They then inject the rhino with anaesthetic around the horn, and also near its ear. We ran in to assist – we were immediately needed because the rhino had fallen on its side, and Dr Rogers wanted us to push her so her weight was distributed on all of her legs, just in case she got pins and needles and was scared when the tranquilliser wore off.

It’s bloody hard to push a rhino, let me tell you. All of these people and we couldn’t get her upright.

In the end we simply can’t move her, and because there’s a strict time limit on how long you can work on the rhino once they’re tranquillised, Dr Rogers decides we need to get going and hope she either doesn’t get pins and needles, or is okay if she wakes up with the weird sensation in her left legs.

First, I’m recruited to add some lubricant to the rhino’s eyes. They put a comfortable mask over the eyes so the rhino isn’t accosted with people’s faces during the whole process. As Dr Rogers explained, they do whatever they can to keep the animal calm in the process, because it is traumatic – albeit necessary.

It was an amazing experience being so close to such a large, wild animal.

That’s me in the khaki hat. Don’t ask why I bought a khaki hat (I was trying to be all Safari Girl, ok). The woman guiding me was Janelle, Dr Rogers’ assistant and essentially his right hand – she was a boss bitch and a half, totally calm under pressure and smoothly working through most of the core work. Anyway, I was literally looking into her eyeball and trying to keep my hand from shaking as I squeezed protective gel in. I was putting too little and Janelle was like “it’s a rhino. She’s a big animal. Do the whole tube.”

After the rhino’s eyes are lubricated and the anaesthesia is at work, the notch is made – the process is quick and methodical, if a bit gross. The chunk is sliced out of the rhino’s ear, and blood spurts everywhere. But pressure via metal clamps is swiftly applied, and a paste added to the wound as an antiseptic and healing agent. It’s over very quickly, and the animal doesn’t react.

The chunk of ear is put in a plastic container for research purposes. Then, a microchip is inserted at the base of the ear, as well as inside the horn. This is part of the tracking process – now, the animal can be tracked in the park, but also if (god forbid) it’s poached, the horn itself can be tracked. This is so that in the worst case, there’s a chance the horn can be traced and the poachers caught.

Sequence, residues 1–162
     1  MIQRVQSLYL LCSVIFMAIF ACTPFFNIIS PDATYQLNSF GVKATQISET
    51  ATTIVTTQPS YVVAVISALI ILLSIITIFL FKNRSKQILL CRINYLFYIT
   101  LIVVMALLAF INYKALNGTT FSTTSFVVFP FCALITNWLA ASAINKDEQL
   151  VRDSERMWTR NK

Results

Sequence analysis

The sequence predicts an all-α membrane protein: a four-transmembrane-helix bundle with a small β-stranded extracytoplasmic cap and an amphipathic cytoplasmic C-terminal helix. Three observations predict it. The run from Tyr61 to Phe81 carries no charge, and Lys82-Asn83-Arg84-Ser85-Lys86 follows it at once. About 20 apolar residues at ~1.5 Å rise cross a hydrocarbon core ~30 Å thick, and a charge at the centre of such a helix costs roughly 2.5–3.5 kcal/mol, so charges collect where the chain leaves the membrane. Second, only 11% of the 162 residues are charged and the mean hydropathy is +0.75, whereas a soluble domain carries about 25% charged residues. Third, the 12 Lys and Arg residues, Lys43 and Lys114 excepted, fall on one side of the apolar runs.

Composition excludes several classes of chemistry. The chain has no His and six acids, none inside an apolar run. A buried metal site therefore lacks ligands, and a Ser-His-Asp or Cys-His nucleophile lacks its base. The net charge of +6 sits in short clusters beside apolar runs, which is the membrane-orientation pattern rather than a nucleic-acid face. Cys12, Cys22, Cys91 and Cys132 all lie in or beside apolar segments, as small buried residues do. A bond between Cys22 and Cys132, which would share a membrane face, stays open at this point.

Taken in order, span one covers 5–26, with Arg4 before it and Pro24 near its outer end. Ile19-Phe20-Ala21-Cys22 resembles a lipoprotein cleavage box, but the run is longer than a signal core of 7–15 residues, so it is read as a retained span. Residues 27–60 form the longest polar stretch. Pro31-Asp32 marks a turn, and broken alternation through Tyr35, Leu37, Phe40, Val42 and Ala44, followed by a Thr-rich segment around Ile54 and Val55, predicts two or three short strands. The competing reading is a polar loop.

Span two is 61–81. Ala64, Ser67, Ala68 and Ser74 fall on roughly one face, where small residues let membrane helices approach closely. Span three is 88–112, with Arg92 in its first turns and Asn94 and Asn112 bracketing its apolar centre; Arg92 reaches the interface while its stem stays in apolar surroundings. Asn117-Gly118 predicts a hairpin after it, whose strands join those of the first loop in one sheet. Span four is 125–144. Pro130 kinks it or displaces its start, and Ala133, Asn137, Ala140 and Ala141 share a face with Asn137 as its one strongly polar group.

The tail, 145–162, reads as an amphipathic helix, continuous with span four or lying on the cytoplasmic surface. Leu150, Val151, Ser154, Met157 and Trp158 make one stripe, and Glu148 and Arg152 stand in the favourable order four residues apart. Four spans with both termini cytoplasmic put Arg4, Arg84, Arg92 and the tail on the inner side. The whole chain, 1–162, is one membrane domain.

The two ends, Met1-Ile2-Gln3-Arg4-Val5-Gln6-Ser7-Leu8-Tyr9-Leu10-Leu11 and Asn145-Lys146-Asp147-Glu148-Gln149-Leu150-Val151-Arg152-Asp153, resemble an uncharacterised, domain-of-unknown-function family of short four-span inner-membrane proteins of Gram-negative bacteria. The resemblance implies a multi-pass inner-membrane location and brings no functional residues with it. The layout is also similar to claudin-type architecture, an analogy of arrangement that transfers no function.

It looks horrendous – the horn is drilled into so the microchip can be inserted, and then a small stick placed in the hole and glued in to keep the microchip in place. But rhino horns aren’t like, say, our fingers. They’re more like fingernail – they don’t have feeling in the horn, and as long as you’re not working on the base of it, the animal won’t feel anything.

It’s all over within ten minutes – it’s wild how fast Dr Rogers, Janelle and the team work, and how smoothly they deal with unforeseen events like the rhino falling incorrectly, or nervous assistants like myself and the other journalists.

Dr Rogers asks everyone to quickly head back to the vehicles – once they take the blindfold off the rhino, it’s naturally a dangerous animal, especially because it’s likely to be disoriented. Our rhino (we called her Aussie, lol) is fine, though. She gets up, seems a bit slow, but walks straight. Dr Rogers monitors her for a while as the tranquilliser wears off, just to protect her from potential predators in her weakened state. Once she seems relatively back to normal, we take off.

It’s rare you can get that close to a wild animal, let alone have an opportunity to do something good for the conservation efforts of an endangered species. But something that really moved me was that a large, profitable reserve was working to protect rhinos and also allow them to live naturally with their horns.

Obviously it benefits Kapama Private Game Reserve, too – they want their rhinos alive for safari reasons. But in general, Kapama proved a commitment to seeing South Africa’s animal species protected and living naturally. They have their own trained anti-poaching unit working to protect animals within the reserve, and pride themselves on ensuring the reserve’s wildlife isn’t disturbed – for example, they don’t go off-road on safari save for a few tracking exceptions, human interaction is limited – there’s no standing in vehicles or making noises to get animal’s attention. They also don’t protect their animals from the natural order of nature – lions and panthers will kill when needed, and so on.

If you’re interested in being involved in rhino notching, you can contact Kapama Private Game Reserve here – it’s not listed on site and is expensive. Alternatively, you can check out their other conservation offerings here.